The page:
The ecological impacts of road vehicle headlights will markedly increase with projected global growth in numbers of vehicles and the road network, increasing the local severity of emissions (because vehicle numbers are increasing faster than growth in the road network) and introducing emissions into areas from which they were previously absent. The effects will be further exacerbated by technological developments that are increasing the intensity of headlight emissions and the amounts of blue light in emission spectra.

Synthesis and applications. Emissions from vehicle headlights need to be considered as a major, and growing, source of ecological impacts of artificial night‐time lighting. It will be a significant challenge to minimise these impacts whilst balancing drivers' needs at night and avoiding risk and discomfort for other road users. Nonetheless, there is potential to identify solutions to these conflicts, both through the design of headlights and that of roads.
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Language Summary Language Original Title
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Area Expedition Conference
Notes Approved no
Call Number GFZ @ kyba @ Serial 1841
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Author Caorsi, V.; Sprau, P.; Zollinger, S.A.; Brumm, H.
Title Nocturnal resting behaviour in urban great tits and its relation to anthropogenic disturbance and microclimate Type Journal Article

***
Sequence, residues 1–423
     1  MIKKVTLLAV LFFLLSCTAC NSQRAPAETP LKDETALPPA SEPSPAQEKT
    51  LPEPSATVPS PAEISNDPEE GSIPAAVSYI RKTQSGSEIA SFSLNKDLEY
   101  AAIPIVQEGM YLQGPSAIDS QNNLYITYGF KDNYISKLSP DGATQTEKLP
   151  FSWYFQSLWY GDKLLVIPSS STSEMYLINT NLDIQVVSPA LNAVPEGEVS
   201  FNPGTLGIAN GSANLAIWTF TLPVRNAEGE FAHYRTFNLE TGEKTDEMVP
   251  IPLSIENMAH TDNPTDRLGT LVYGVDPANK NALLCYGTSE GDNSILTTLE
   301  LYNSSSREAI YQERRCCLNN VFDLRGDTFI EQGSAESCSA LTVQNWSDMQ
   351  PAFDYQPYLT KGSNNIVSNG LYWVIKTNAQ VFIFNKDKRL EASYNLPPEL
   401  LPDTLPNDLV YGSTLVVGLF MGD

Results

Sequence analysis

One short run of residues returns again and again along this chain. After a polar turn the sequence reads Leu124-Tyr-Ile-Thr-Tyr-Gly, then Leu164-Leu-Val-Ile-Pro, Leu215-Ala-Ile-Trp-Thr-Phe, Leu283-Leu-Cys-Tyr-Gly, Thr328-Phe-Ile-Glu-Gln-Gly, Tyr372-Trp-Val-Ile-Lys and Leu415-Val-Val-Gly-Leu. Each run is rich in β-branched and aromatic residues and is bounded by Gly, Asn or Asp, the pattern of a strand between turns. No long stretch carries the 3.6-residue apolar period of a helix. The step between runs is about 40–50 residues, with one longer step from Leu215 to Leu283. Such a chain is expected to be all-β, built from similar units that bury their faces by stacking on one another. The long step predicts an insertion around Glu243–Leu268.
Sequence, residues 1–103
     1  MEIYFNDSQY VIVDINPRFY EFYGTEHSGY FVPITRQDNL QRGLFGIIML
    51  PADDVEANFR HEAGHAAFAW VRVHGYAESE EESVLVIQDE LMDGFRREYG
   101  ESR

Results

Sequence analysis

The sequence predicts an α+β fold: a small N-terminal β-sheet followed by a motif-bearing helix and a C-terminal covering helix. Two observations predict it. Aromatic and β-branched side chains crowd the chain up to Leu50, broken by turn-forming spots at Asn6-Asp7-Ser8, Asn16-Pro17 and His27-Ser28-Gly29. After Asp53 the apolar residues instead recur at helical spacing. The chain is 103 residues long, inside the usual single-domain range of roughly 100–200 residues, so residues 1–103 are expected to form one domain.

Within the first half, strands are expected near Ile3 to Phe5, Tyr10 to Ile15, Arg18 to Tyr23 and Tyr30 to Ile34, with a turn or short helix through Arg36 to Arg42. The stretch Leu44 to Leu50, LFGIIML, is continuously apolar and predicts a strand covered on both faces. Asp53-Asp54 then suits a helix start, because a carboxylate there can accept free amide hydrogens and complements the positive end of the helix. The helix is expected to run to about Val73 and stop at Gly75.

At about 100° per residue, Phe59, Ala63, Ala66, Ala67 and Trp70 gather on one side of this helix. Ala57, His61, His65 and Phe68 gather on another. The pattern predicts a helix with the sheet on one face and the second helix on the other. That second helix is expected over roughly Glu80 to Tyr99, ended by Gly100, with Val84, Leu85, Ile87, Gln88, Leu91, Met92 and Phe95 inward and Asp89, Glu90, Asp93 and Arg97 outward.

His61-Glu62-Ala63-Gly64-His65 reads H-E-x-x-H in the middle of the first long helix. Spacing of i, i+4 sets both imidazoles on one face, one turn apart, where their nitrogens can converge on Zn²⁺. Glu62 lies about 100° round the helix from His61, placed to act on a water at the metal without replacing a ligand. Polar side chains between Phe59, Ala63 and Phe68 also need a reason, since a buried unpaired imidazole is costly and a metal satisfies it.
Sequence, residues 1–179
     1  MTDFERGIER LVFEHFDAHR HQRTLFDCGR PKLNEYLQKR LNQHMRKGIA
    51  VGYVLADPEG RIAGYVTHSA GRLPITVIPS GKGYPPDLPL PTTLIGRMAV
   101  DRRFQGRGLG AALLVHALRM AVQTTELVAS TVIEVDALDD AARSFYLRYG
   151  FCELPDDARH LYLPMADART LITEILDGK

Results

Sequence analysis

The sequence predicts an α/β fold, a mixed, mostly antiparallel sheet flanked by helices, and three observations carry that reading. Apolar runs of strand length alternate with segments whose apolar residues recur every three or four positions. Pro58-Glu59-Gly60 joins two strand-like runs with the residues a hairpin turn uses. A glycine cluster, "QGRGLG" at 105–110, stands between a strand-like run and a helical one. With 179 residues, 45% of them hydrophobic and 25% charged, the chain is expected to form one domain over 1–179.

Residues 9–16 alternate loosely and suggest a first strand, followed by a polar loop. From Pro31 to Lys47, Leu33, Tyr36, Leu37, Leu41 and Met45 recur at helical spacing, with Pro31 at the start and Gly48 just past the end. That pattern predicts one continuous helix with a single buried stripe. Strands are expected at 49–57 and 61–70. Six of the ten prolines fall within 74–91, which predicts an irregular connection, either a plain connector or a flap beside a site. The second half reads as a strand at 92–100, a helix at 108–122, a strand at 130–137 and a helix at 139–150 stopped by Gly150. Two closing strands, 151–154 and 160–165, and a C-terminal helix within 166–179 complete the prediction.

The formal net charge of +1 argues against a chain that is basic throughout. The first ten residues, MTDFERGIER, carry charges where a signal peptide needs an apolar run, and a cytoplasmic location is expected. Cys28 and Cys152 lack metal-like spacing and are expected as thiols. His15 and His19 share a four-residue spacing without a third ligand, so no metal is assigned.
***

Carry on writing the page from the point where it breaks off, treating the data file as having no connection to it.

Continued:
Year 2019 Publication Behavioral Ecology and Sociobiology Abbreviated Journal Behav Ecol Sociobiol
Volume 73 Issue 2 Pages
Keywords Animals
Abstract (down) The ecological novelty of urbanisation poses many challenges to animals. We investigated whether anthropogenic disturbance (artificial light at night and noise) and abiotic factors in cities (temperature and humidity) predict nocturnal activity and rest in free-living urban great tits (Parus major). Our study is the first to relate nocturnal rest in wild birds to levels of noise pollution during the night, an issue that has been shown to be particularly damaging to human health. Unlike previous work on nocturnal behaviour of urban birds, we considered the combined effect of anthropogenic disturbance and urban microclimate to acknowledge that the umwelt of an animal is composed of multiple environmental variables. Using infrared cameras, we observed the nocturnal resting behaviour as a proxy for sleep in 17 birds in nest boxes deployed across the city of Munich, Germany. Although we found marked differences in resting behaviour between individuals, this variation was not related to the measured environmental factors. This finding contrasts earlier studies that reported nocturnal resting behaviour of birds to vary with temperature and light exposure. Although we did not find evidence that urban environmental factors disrupt resting behaviour in great tits, their sleep might still be impaired by the anthropogenic disturbances. To elucidate this issue, further studies are necessary that, for instance, measure brain activity.
Address
Corporate Author Thesis
Publisher Place of Publication Editor
Language Summary Language Original Title
Series Editor Series Title Abbreviated Series Title
Series Volume Series Issue Edition
ISSN 0340-5443 ISBN Medium
Area Expedition Conference
Notes Approved no
Call Number GFZ @ kyba @ Serial 2185